Balloons carrying garbage, presumably sent by North Korea, are seen floating on the Yellow Sea on June 9, 2024, in this photo provided by the Seven Stars cruise ship. (PHOTO NOT FOR SALE) (Yonhap)

With the NSC’s approval, the military is expected to resume the propaganda broadcasts on the front lines later in the day.

Last week, the military conducted drills to operate the propaganda loudspeakers for the first time since 2018, according to the Joint Chiefs of Staff (JCS).

The Echo of Freedom exercise inspected operational procedures of the equipment to inform North Koreans of the reality of their country, South Korea’s development over the years and its popular culture, the JCS said.

A JCS official said the military has completed preparations for loudspeaker operations, noting that it will broadcast “Voice of Freedom,” a radio program run by the defense ministry’s psychological warfare unit.

The official, however, declined to provide details of the operation, such as the specific timing of the resumption, the amount of equipment mobilized and its location.

The fixed loudspeakers were dismantled following the 2018 inter-Korean tension pact and have been stored in warehouses, while the mobile units are parked by nearby military bases, according to military officials.

Fixed loudspeakers, audible up to 24 kilometers, had been installed at around 10 front-line locations, while about 40 mobile units, with a greater range, were also used.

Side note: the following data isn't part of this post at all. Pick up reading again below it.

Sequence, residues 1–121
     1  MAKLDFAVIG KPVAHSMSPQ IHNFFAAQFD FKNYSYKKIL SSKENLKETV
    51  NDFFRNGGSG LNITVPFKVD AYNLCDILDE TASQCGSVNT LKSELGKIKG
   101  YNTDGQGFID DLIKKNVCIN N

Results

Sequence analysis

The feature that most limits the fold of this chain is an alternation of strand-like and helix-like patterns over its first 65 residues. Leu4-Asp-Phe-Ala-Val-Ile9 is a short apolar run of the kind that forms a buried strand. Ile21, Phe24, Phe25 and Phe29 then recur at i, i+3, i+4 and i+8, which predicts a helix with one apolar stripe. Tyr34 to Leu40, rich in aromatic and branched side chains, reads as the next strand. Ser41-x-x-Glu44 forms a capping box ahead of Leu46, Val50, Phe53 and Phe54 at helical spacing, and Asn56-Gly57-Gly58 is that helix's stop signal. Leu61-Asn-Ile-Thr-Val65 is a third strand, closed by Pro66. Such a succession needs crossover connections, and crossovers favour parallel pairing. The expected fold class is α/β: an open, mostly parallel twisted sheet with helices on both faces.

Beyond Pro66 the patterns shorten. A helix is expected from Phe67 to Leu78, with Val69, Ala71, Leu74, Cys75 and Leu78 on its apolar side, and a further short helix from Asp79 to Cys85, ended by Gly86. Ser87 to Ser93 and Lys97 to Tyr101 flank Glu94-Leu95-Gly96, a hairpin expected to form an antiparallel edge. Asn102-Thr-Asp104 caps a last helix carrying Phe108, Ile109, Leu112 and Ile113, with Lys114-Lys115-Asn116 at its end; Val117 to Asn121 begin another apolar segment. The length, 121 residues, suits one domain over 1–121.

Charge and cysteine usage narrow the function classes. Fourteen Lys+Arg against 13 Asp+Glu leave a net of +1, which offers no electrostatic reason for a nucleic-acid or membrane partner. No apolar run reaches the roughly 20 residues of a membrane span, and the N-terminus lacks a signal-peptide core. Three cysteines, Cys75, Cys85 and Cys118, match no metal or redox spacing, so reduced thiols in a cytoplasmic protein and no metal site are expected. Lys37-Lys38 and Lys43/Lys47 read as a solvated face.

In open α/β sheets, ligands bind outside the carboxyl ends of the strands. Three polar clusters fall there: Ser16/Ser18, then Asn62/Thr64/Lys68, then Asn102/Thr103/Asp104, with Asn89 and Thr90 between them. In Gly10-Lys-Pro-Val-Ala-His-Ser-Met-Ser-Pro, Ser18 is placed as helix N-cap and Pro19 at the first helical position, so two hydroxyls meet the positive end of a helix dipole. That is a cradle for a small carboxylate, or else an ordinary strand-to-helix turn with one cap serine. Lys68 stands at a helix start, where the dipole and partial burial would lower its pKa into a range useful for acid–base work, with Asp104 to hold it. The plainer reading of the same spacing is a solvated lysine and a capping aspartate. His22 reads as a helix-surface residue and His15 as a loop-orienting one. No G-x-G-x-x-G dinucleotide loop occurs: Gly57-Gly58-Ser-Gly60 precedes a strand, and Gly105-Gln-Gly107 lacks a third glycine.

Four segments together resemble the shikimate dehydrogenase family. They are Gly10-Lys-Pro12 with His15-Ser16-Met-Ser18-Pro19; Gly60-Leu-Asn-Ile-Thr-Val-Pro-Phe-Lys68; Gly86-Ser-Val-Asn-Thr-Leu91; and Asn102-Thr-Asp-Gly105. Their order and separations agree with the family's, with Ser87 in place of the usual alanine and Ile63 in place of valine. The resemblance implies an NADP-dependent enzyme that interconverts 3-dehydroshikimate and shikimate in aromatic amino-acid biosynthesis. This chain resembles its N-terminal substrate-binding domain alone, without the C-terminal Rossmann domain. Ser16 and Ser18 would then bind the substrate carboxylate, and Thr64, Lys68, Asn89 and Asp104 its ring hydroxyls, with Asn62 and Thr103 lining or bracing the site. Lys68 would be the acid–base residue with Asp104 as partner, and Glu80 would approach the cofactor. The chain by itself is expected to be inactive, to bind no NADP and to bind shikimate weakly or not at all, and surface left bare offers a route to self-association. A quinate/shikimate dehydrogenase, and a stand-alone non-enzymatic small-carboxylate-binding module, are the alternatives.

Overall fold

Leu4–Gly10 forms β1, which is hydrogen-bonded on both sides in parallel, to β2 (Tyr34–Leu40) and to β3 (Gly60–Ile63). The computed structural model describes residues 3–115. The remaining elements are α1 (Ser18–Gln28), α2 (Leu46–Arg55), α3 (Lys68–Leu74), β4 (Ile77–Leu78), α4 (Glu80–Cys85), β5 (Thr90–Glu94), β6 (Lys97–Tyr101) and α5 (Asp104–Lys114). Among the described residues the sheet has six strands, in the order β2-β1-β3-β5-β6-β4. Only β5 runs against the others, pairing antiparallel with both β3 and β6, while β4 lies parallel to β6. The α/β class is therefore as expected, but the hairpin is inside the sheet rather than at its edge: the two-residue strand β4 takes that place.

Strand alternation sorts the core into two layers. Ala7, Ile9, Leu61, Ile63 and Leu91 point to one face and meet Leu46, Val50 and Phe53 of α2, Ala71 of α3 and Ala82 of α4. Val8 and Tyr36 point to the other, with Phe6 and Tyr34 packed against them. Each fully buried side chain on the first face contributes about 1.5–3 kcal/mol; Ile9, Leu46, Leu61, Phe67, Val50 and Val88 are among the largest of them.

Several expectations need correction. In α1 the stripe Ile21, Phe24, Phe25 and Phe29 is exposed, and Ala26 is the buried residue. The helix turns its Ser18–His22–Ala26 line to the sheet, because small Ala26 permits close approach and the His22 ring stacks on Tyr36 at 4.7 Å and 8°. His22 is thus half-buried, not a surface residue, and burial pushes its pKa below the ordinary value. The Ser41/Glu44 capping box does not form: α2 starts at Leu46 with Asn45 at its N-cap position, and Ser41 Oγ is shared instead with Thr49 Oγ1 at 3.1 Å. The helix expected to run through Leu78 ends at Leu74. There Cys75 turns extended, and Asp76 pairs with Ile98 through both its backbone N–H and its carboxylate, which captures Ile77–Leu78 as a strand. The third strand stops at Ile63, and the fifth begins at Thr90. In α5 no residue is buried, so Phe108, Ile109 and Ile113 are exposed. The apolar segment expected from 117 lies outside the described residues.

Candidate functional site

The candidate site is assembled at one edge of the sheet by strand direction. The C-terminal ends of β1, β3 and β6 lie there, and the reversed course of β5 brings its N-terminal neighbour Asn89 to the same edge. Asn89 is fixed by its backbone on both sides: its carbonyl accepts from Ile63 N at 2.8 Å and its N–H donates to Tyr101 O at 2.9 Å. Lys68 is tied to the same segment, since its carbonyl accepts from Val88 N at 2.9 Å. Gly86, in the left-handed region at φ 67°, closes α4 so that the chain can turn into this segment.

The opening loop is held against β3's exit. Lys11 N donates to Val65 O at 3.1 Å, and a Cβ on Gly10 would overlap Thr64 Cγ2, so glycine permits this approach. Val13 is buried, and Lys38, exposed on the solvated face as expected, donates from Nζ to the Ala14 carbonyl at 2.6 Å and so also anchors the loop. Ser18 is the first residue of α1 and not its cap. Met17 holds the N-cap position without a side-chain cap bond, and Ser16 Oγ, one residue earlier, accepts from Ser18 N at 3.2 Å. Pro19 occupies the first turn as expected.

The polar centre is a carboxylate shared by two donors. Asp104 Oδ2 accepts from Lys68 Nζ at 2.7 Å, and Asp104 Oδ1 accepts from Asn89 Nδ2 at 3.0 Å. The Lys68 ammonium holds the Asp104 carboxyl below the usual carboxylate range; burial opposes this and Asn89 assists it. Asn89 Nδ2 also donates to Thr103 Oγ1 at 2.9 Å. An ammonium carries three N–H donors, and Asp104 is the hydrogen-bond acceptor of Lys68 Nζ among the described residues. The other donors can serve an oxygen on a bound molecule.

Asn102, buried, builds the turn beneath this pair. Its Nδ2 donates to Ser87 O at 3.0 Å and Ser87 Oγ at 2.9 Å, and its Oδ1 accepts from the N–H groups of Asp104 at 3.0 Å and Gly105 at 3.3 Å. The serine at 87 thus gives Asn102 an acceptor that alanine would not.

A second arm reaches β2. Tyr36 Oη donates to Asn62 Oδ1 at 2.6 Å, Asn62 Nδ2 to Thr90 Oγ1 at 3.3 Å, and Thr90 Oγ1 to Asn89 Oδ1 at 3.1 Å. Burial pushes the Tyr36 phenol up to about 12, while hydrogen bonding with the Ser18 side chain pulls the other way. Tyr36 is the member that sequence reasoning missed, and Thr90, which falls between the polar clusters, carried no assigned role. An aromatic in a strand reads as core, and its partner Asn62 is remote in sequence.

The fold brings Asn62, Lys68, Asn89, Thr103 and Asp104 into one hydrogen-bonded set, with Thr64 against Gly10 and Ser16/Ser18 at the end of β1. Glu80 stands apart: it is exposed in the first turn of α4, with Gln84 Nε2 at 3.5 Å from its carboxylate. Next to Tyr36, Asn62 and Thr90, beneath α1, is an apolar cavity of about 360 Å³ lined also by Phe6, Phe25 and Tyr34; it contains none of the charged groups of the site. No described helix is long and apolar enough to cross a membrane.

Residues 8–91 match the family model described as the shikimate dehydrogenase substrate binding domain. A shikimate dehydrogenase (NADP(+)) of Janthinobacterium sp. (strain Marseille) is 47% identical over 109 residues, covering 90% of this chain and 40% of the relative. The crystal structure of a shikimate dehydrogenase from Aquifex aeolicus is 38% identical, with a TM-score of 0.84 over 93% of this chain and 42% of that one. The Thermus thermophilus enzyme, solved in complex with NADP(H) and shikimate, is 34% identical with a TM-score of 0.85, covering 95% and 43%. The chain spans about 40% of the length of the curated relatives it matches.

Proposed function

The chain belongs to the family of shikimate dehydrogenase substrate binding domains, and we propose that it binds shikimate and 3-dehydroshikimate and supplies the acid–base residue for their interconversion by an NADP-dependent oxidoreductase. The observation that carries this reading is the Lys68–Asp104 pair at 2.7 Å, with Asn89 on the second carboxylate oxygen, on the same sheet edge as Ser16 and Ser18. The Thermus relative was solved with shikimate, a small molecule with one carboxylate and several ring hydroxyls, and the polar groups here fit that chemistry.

Loudspeaker propaganda began in 1963 under former President Park Chung-hee’s administration and was halted in 2004 following an inter-Korean military agreement during the liberal Roh Moo-hyun administration.

In 2015, the two Koreas engaged in a brief exchange of artillery fire over the western part of their border over a propaganda loudspeaker campaign that Seoul resumed in retaliation for North Korea’s land mine attack, which had maimed two South Korean soldiers. North Korea later expressed regret over the land mine attack and South Korea agreed to halt anti-Pyongyang broadcasts.

The propaganda campaign has been suspended since April 2018, when then President Moon Jae-in and North Korean leader Kim Jong-un agreed to halt hostile acts along the border following their summit at the truce village of Panmunjom.

Sunday’s meeting came a week after the NSC members discussed responses against Pyongyang’s balloon campaigns and GPS jamming attacks in the Yellow Sea.

After the last meeting, Chang said the government will take an “unbearable action” against the North’s provocations.

President Yoon Suk Yeol on Tuesday endorsed a motion to fully suspend the 2018 inter-Korean tension reduction pact, which cleared the way for resuming propaganda broadcasts near the border.

The 2018 deal included setting up buffer zones around the border to suspend large-scale military drills, as well as banning hostile acts between the two Koreas.

Tension remains high as the South Korean military vowed to resume all military activities near the Military Demarcation Line and its northwestern border islands for the first time in more than five years following the full suspension of the Comprehensive Military Agreement.